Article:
Rep. Ted Poe: Deport Foreign Convicted Criminals

By:  R. Cort Kirkwood
08/20/2012
       
Rep. Ted Poe: Deport Foreign Convicted Criminals

Nearly 150,000 illegal-alien criminals are in American jails or on American streets, a U.S. congressman says. And those roaming American cities and towns are there thanks to a U.S. Supreme Court decision that forbids the government from indefinitely incarcerating the criminals if the United States cannot deport them after their sentences are over.

Nearly 150,000 illegal-alien criminals are in American jails or on American streets, a U.S. congressman says. And those roaming American cities and towns are there thanks to a U.S. Supreme Court decision that forbids the government from indefinitely incarcerating the criminals if the United States cannot deport them after their sentences are over.

The decision has led to the death of at least six American citizens, and Rep. Ted Poe (R-Texas) is sounding the tocsin. In June, a Bangladeshi convicted sex offender was sentenced for murdering an elderly woman. Had he been deported following the earlier offense, the murdered woman would still be alive. But he wasn’t deported because the Bangladeshi government refused to take him back.

Poe aims to fix that with his Deport Foreign Convicted Criminals Act. “I don’t know why the State Department seems to take the side of foreign countries over our own American interest in the United States,” Poe told Fox News last week. “Look, you take these people back or the consequence is going to be no visas for your nation.”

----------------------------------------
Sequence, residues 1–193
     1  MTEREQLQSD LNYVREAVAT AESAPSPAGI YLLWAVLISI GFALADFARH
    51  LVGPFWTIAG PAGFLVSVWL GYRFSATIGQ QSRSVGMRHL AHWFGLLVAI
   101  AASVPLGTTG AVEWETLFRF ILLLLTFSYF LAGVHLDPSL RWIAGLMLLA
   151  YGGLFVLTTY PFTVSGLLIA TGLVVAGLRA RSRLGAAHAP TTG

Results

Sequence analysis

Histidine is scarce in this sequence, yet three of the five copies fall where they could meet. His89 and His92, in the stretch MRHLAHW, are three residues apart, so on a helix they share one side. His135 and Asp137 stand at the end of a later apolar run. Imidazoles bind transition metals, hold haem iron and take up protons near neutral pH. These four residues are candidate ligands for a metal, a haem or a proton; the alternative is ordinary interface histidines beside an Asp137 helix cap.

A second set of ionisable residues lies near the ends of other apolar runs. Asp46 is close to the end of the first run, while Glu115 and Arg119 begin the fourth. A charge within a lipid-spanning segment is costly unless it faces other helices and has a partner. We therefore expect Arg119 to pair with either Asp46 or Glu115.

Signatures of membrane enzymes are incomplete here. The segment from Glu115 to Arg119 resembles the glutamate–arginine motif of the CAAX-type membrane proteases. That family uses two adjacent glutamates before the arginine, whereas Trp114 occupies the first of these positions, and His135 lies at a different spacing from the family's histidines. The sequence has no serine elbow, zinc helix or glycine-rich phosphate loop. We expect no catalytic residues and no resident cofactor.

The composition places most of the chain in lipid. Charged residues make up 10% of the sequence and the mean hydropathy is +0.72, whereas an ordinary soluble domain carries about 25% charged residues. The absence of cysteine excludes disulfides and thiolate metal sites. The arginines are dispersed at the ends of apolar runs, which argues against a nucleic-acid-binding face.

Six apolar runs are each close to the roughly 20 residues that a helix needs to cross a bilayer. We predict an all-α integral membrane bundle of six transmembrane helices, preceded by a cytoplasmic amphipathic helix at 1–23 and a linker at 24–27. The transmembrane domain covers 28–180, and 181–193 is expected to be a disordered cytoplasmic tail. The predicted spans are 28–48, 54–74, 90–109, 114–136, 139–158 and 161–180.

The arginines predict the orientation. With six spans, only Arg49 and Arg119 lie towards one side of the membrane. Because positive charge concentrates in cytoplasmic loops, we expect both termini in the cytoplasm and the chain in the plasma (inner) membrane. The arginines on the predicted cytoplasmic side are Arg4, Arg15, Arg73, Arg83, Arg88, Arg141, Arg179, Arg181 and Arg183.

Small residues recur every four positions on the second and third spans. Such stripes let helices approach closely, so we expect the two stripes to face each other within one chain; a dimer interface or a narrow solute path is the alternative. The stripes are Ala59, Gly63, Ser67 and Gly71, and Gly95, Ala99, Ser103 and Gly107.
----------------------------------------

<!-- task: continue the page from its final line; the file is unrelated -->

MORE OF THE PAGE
The Bill
Poe's H.R. 2199, introduced last year, would apply a simple remedy to get foreign countries to repatriate their criminals: Diplomatic visas would not be issued to countries that refuse to repatriate criminals who have been ordered out of the United States.

The bill would require the Department of Homeland Security to produce a quarterly list of foreign criminals in the United States and the countries that refuse to take them back. The bill would also require the State Department to refuse diplomatic visas to those countries. The countries would get the visas when they take back their criminals.

“This is one aspect of Border Security and National Security that has unfortunately slipped through the cracks,” Poe said when he introduced the bill.

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Photo of Rep. Ted Poe: AP Images

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